Fitbit Alta Review: This Is Why People Like Fitness Trackers

Fitbit Alta Review: This Is Why People Like Fitness Trackers

Everyone knows Fitbit: The proud Fitbit data announcements of that dude from high school on Facebook, the friend who wears a Zip on their hip or your coworker with a Charge on their wrist. It’s the best known name in fitness trackers.

It’s tempting to call this first Fitbit with fashion in mind: it’s got well publicized choices. There’s a nice black option, pink leather choice, three pastels in plastic, and a very attractive stainless steel band that I’d covet if it didn’t cost $169 (Australian) sans tracker.

But this isn’t the first Fitbit focused on fashion — it’s just the first one to not treat fashion like an afterthought. From the clasp (a little annoying to use) to the levers to take the band off, this thing is clearly thinking “style” every step of the way.

Fitbit Alta Review: This Is Why People Like Fitness Trackers

Back in 2013 Fitbit made its first attempt at the fashion thing with a whole line of Fitbit Flex bands made by Tory Burch. Priced at $38, $175 and $195 AUD — the range will also extend to the Alta, at a date yet to be announced.

In Australia, the Fitbit Alta is available from places like Harvey Norman, JB Hi-Fi, Officeworks and Rebel Sport from March 2016. Launch accessories include classic fitness bands available in black, blue, teal and plum for $49.95 and luxe soft, premium hide leather bands available in graphite and blush pink for $99.95.

The camel leather band ($99.95) and hand-polished stainless steel silver bangle ($169.95) are coming soon, with a shiny gold bangle to be available later in 2016.

Options aside, because the Alta is still identifiably a fitness band, it doesn’t have to worry about the high watermark for fashion that Fitbit’s Blaze smartwatch had to deal with. We’re used to seeing people with a hunk of rubber strapped to their wrist, and unless you’re rocking it at a black tie event, no one’s going to call out the fashion faux pax.

Instead they might be impressed with what the Alta can do. It’s like they took the best bits of the Flex and Charge and smooshed them together.

The band is thin like the Flex (though it sits a little high on the wrist), but has a detailed display like the Charge. With time, traditional fitness stats, caller ID and even calendar notifications all on the small black and white OLED display, it’s the most informative Fitbit display yet. Also new: “Reminders to Move” to keep you moving. You will be prompted to meet a series of mini-goals throughout the day, consisting of of 250 steps an hour — with a pat on the back when you do.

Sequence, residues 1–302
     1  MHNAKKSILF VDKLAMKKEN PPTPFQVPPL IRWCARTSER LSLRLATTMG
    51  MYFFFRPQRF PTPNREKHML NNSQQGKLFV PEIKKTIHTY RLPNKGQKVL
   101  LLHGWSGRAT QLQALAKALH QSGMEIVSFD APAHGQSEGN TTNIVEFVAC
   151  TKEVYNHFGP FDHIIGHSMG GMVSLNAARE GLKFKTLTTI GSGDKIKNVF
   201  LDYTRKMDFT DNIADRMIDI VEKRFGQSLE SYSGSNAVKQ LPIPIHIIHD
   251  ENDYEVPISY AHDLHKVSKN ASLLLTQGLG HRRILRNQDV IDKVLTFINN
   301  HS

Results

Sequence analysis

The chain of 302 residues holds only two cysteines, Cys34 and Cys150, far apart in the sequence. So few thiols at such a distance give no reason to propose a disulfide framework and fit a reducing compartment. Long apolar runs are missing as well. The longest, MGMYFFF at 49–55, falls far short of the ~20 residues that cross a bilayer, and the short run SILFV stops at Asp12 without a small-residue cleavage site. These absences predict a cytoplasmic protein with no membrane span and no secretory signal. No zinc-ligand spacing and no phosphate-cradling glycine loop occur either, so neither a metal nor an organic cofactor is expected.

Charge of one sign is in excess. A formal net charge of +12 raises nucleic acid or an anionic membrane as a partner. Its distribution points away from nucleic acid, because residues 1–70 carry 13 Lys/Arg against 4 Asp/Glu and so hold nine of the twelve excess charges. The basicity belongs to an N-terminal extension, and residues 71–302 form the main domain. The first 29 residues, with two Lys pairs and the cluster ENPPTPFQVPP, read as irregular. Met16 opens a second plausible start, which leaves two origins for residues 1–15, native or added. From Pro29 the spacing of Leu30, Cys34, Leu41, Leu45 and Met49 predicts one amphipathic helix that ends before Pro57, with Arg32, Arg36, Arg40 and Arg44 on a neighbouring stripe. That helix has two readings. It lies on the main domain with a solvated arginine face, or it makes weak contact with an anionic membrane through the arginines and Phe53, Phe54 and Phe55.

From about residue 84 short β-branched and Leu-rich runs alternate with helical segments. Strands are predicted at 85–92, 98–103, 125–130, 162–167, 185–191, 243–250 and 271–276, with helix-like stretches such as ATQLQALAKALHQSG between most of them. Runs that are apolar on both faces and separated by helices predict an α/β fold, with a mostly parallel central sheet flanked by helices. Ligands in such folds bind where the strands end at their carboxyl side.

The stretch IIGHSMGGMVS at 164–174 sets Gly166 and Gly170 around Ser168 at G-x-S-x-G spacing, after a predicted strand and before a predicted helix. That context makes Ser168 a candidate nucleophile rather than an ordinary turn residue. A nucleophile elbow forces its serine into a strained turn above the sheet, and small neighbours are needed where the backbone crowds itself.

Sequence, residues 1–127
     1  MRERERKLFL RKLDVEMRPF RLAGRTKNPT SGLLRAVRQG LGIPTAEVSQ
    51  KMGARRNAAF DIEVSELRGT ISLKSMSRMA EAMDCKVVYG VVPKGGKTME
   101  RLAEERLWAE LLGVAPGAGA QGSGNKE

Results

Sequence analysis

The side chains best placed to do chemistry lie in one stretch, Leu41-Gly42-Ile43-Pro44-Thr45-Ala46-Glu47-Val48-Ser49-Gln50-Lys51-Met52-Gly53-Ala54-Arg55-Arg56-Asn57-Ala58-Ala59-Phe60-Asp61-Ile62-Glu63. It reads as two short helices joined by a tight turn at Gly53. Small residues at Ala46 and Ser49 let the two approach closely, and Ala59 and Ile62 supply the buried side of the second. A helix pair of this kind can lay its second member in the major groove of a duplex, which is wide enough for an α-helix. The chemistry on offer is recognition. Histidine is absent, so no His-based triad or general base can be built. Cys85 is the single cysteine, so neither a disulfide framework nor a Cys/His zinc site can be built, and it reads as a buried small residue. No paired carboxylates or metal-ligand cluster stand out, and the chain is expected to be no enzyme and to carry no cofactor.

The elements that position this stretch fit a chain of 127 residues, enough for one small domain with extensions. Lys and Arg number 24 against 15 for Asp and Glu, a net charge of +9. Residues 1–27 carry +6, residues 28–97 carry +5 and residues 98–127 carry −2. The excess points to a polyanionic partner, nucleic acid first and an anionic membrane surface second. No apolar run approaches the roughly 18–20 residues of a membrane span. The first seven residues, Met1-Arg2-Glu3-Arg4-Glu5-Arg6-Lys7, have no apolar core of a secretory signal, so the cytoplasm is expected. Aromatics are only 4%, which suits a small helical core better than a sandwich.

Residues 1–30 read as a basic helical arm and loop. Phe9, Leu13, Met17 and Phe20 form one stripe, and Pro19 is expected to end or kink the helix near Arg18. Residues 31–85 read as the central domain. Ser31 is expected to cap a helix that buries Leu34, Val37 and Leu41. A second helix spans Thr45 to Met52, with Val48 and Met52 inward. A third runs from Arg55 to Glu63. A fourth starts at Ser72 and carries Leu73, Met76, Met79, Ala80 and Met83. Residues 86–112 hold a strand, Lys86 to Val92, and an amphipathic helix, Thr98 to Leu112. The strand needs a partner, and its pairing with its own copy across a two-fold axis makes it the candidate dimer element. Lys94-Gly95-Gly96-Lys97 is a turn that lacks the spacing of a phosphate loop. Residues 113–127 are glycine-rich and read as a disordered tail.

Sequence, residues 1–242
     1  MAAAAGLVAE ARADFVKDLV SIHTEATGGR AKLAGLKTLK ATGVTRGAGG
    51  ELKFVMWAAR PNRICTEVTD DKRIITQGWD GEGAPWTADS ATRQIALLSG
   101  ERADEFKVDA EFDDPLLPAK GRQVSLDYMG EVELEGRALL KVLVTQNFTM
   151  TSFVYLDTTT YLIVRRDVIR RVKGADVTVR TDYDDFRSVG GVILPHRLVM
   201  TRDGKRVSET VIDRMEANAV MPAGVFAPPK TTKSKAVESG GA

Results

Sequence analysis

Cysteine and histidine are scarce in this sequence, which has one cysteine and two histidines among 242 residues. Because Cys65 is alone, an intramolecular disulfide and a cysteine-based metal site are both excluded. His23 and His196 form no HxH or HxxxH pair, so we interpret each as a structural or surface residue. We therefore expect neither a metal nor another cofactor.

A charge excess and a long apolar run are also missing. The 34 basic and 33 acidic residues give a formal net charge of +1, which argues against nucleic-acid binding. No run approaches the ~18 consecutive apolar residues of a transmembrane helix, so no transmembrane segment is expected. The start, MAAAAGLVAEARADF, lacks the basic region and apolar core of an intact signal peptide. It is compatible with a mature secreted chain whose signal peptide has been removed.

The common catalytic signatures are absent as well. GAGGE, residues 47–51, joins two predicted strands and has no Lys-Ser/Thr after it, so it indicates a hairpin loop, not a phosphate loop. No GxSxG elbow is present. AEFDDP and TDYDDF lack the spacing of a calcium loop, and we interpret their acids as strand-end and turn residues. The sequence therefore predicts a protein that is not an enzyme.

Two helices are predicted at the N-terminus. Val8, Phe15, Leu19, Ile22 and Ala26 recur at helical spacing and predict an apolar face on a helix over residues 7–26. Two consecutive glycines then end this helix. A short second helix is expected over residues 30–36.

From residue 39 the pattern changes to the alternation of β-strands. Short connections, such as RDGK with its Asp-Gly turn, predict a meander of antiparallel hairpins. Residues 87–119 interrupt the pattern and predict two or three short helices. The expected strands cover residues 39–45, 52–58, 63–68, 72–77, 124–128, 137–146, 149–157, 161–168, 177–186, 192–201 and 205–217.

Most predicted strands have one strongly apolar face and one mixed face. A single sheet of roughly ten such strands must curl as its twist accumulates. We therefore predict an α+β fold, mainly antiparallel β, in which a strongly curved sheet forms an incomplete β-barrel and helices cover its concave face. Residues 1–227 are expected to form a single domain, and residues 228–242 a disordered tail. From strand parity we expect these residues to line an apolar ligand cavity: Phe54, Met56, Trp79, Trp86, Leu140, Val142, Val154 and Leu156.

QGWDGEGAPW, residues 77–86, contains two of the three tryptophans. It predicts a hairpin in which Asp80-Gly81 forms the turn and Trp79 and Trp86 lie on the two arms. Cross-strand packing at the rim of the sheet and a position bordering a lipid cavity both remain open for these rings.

Fitbit Alta Review: This Is Why People Like Fitness Trackers

There is, however, an almost-fatal flaw — the tap response. A double tap of the display should reveal the time with each subsequent tap going through your calories burned (highly unreliable), steps taken (pretty reliable), and miles walked (holy crap, I get around). Except for the very rare occasion, I’d have to tap the display like a damn morse code operator to get it to activate. When it turned on, it would immediately rotate through all the screens before settling down and being the responsive product I was promised.

The “flip your wrist to activate the display” feature was significantly more accurate, but I still had to shimmy my wrist repeatedly, which earned me a few looks on the train.

The only time the display consistently turned on was when the entire device would buzz to remind me of a meeting. The buzz to notify me of a caller, however, took a good five to ten seconds after it started buzzing for the caller ID to appear on the display. With that kind of sluggish response time, I could have just pulled my phone out of my pocket, something Fitbit doesn’t want you to do.

Fitbit Alta Review: This Is Why People Like Fitness Trackers

With its focus on fashion, the Alta wants to be an everyday device rather than just a fitness device. The fantastic battery life (the Alta regularly lasted 6 days) and the wicked fast recharge time go a long way to achieving that goal.

I’ll admit, as janky as the display has been, I’ve still found myself wearing the Fitbit Alta almost Every. Damn. Day. I love waking up in the morning and syncing up to see how much sleep I got and I dig recoiling when it reports on those two hour naps on Friday night (though it also recorded an entire’s night sleep — including bouts of restlessness — when it was just sitting on my desk at work). And I get a little satisfied thrill when it celebrates 10,000 steps or my first 64km of the year.

For a brand that needs a win, the Alta gets over the line. Fitbit’s unspoken goal is world wrist domination and this is its best band yet — if only the damn display regularly worked.


  • Great “wear and forget about it” battery life
  • Boring band options
  • A display so laggy you might rip it off your wrist and crush it beneath a car
  • Fitbit’s best band yet

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